October is National Dental Hygiene Month!

October is National Dental Hygiene Month!

October is an important month for the healthcare world–while the leaves are changing and the air is getting cooler, many are decked out in pink gear commemorating another important health issue. But did you know it’s also National Dental Hygiene Month? Hopefully you think about your own dental hygiene during the other 11 months of the year, too, but these 31 days provide a great opportunity to pick up the slack if we’ve fallen behind.

What’s this month all about?

The American Dental Association partners with the Wrigley Oral Health Program (that’s right-just like Wrigley’s gum!) to “start the conversation”-the campaign’s motto. National Dental Health Month, or NDHM, focuses on our “daily 4” oral care habits: brushing, flossing, rinsing, and chewing.

Brushing

Did you know your dentist recommends brushing your teeth for 2 minutes at a time at least twice a day? Brushing with a sturdy toothbrush, like an electric toothbrush, helps remove biofilms that are formed by bacteria. Regular brushing helps prevent these bacteria from forming cavities and causing tooth decay.

Flossing

For many, this is the least enjoyable activity in their oral health routines, but it is one of the most important. The spaces in between our teeth aren’t reachable with our toothbrushes, which makes them highly susceptible to cavities if we forget to floss every day. Flossing right after meals is a great way to ensure that no food gets left between your teeth. If you aren’t able to floss this frequently, shoot for at least once a day, like right before you go to bed.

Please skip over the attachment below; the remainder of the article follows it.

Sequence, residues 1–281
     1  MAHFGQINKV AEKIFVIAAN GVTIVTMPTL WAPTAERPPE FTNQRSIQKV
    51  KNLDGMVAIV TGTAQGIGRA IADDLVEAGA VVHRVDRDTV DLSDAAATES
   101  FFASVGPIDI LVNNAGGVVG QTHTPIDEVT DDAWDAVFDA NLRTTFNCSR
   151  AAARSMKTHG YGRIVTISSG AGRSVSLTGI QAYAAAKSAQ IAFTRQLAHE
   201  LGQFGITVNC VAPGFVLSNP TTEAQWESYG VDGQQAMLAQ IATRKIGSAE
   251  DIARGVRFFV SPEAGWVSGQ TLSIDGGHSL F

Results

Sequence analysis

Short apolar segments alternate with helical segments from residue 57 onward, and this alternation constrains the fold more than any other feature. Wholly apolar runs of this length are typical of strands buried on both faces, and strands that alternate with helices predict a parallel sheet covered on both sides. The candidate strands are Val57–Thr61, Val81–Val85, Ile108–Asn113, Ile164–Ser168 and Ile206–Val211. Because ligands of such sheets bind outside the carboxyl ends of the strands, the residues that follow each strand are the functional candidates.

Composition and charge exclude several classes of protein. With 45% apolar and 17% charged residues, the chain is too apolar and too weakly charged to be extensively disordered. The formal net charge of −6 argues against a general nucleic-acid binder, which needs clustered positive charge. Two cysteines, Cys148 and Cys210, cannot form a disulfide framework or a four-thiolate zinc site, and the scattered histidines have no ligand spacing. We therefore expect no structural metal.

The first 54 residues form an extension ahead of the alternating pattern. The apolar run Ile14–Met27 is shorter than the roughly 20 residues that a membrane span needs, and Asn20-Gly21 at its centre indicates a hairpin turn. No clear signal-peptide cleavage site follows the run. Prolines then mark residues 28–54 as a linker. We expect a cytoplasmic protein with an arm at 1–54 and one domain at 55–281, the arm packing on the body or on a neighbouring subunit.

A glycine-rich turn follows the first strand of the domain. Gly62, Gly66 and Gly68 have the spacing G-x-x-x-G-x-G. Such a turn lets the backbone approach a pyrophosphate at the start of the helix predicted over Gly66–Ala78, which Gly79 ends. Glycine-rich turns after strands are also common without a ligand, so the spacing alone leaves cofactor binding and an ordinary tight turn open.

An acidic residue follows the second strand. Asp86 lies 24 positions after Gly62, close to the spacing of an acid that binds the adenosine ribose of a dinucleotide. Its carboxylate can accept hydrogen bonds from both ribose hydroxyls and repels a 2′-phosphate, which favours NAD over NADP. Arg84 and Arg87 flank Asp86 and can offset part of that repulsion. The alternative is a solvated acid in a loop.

Rinsing

When you’re taking care of your teeth, don’t forget about the rest of your mouth! Your gums are almost more important than those pearly whites. Gums protect the roots of our teeth that anchor them into our jaws. Rinsing for 30 seconds with mouthwash, or even just warm water, gets rid of bacteria that may be latched onto our gums, cheeks, and tongue.

Chewing

Saliva isn’t produced in your mouth without a purpose-it is important in neutralizing acids in your mouth, which prevents bacteria from forming plaques on your teeth. Chewing sugar-free gum after a meal has been proven to stimulate saliva production. Be careful, though–too much gum chewing could wear out your jaw. This is something you should talk to your dentist about before making it a post-meal ritual.

By now we’re already over halfway through the month, but there’s still time to make a positive change in your hygiene habits! A great way to remind yourself of what you should be doing for your teeth every day is writing these “daily 4” on a sticky note that you can put on your bathroom mirror. A visual reminder can help you get into the habit of brushing, flossing, rinsing, and chewing every day if you don’t already. Take the next step in your oral health and incorporate these 4 activities into your daily routine!

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